He does this with Pearl quite often.  She'll tell me about it like it's no big thing.  He never breaks the skin.  I just want to know what's going on in his head.  His tail never gives any warning.  The tail is the gold standard on cat emotion! In short, I believe that cats are mental.  That is why I don't own a lion.  Something about a lion giving me a few warning bites makes me a little wary.  

Tuesday, August 4, 2009

Musings of Color Theory

Today, I went through our old school supplies to see what we still need.
Every year, I vow to send last years surplus with the kids to school in the coming year.  Every year, I buy them new stuff. There's something wonderful about brand new crayons and markers and pencils.

One of the things I came across today, was the "bag of markers".  It represents at least two years worth of markers, if not more.  As I was going through them to see what still worked, I began to sort them into color families.  I then began to wonder why there were so few blues and so many purples and greens.  

I have several theories.
1.  Blue is often cited as many children's favorite color.  Maybe they use it more to color in basic items like houses and cars.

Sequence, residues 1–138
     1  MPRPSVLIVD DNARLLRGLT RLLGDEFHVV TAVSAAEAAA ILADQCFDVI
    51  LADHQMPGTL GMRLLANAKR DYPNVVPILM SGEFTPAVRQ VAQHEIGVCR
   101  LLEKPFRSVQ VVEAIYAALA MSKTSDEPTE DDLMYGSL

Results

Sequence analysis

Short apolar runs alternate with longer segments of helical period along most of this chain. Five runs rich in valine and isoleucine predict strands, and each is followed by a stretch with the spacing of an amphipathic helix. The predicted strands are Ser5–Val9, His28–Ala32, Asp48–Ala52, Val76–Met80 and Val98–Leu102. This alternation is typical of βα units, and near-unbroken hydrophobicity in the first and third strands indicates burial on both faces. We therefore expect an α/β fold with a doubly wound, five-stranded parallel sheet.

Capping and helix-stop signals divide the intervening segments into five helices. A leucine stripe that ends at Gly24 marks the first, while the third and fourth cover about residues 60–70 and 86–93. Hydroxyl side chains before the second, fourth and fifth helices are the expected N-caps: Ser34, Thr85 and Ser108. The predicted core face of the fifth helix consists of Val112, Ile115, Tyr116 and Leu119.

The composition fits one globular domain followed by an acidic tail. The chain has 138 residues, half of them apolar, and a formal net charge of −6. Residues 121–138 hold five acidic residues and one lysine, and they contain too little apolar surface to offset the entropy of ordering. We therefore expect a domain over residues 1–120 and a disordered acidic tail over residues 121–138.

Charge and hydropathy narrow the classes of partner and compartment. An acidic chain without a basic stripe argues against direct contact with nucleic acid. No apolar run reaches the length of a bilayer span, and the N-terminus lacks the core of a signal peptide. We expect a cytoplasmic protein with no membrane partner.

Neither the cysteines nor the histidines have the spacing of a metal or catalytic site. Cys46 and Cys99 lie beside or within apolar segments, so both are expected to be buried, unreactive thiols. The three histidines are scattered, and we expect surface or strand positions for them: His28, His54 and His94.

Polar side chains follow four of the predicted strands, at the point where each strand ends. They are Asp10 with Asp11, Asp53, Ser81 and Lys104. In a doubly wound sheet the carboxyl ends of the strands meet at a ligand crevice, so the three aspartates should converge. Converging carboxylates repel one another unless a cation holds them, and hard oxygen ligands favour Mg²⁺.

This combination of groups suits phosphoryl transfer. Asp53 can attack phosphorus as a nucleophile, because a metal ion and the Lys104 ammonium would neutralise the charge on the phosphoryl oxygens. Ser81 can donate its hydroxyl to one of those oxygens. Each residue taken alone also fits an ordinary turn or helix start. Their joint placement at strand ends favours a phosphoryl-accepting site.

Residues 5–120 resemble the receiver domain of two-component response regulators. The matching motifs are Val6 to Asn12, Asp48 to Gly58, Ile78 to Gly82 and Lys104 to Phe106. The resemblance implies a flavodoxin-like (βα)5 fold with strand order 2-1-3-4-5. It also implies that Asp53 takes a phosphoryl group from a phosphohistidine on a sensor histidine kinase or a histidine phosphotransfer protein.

2. Blue is the color of the sky.  The sky is big, thus coloring in the sky in pictures takes up lots of marker ink.

3. Green befuddled me.  I really like green, but that's just me.  Green is used in the coloring of grass and trees.  I would think those things would take up a lot of ink.

4. Purple.  I don't know one person who lists purple as their favorite color.  Although, there is a store at the Riverwalk in San Antonio that carries only purple items.  Somebody must like it.  I hardly ever use purple unless I'm coloring in flowers.  Flowers aren't very big, and so don't take much ink.

None of my theories take into account the loose/lost lid theory.  Simply put, ink dries up when the lid is missing.  

Obviously, this has no scientific basis, whatsoever.  I suppose it could.  Maybe there is someone out there right now, writing a Masters thesis on why some markers get used more than others.  If not, there should be.  I'd sleep better tonight knowing why the blue markers are so few in number.

Notice, I used blue as my font color.  A shout-out to my favorite color.